Earth's layers

The interior of the Earth can be classified into three major compositional layers: the core, the mantle, and the crust which differ by their chemical properties (Fig. 1, left side). When looking at their physical properties or mechanical behavior, these can be further divided into distinct layers (Fig. 1, right side).

Figure 1: The layers of the Earth, determined by chemical properties (core, mantle, and crust) and physical properties (inner and outer core, lower mantle, asthenosphere, and lithosphere).

The core is Earth’s innermost layer and is composed of metals such as iron (Fe) and nickel (Ni). It can be split into the inner core and outer core due to its mechanical behavior. The inner core is solid despite experiencing the highest temperature on Earth. The immense pressure from the overlying layers of Earth prevents it from melting. The outer core is a liquid layer. Convection currents in the outer core create Earth’s magnetic field.

The mantle is Earth’s largest layer by volume and is sandwiched between the crust and the core. The mantle is largely composed of silicates (minerals containing silicon and oxygen). The mantle material behaves differently depending on depth. The lower mantle is less plastic than the asthenosphere above it due to higher pressure. While the lower mantle is solid, it still deforms and flows in convection currents over long timescales. The asthenosphere is also solid, but large parts behave like a viscous liquid. This allows for the convection currents that drive the movement of tectonic plates.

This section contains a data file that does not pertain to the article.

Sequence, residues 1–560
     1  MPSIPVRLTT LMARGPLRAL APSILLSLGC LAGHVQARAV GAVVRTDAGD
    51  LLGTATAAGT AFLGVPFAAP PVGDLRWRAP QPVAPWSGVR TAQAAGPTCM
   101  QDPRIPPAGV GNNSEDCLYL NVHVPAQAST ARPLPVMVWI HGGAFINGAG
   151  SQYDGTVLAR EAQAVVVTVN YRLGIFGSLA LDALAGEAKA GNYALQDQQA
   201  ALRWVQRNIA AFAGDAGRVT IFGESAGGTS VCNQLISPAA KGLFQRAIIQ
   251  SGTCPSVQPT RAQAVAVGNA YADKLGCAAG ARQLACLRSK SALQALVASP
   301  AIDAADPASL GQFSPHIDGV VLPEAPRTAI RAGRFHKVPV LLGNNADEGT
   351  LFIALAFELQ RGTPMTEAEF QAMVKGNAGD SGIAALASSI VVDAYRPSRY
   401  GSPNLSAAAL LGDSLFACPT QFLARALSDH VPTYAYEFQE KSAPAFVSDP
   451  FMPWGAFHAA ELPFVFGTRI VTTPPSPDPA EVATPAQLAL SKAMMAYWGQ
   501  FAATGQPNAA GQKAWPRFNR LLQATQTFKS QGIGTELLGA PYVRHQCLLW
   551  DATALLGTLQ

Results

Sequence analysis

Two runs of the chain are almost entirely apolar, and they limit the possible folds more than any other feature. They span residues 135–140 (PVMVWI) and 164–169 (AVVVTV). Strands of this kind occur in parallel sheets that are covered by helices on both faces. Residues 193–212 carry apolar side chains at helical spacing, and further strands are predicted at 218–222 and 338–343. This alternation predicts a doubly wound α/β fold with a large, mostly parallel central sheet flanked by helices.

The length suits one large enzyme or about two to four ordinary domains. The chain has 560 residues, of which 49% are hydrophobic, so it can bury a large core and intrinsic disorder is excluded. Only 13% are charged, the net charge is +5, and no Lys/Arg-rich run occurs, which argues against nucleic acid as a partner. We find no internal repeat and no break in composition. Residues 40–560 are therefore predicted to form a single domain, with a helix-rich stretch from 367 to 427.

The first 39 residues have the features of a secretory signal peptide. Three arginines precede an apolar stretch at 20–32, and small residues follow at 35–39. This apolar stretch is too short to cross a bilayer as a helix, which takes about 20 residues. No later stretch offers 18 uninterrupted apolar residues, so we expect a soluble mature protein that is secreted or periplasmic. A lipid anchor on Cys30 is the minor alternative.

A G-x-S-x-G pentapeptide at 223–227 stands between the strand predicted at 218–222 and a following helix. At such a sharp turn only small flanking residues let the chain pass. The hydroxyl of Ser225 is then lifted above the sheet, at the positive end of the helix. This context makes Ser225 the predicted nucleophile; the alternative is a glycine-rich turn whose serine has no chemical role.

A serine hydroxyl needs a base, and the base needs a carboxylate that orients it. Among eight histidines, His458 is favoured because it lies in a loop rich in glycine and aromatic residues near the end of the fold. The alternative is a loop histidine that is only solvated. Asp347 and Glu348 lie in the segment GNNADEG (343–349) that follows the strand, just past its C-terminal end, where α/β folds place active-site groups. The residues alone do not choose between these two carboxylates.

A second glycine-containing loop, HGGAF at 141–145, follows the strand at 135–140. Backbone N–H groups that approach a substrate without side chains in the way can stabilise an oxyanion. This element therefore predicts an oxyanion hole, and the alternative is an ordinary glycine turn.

The crust is the outermost and thinnest compositional layer. There is oceanic crust and continental crust. Oceanic crust is the denser of the two and underlies the oceans. It largely consists of basaltic rocks that are high in magnesium (Mg) and iron (Fe). Continental crust is comprised of less dense rocks, in composition similar to granite, and forms nearly all of Earth’s land surface. The crust and the upper mantle together make up the lithosphere. This layer is cold, brittle, and broken up into many pieces, which we refer to as tectonic plates.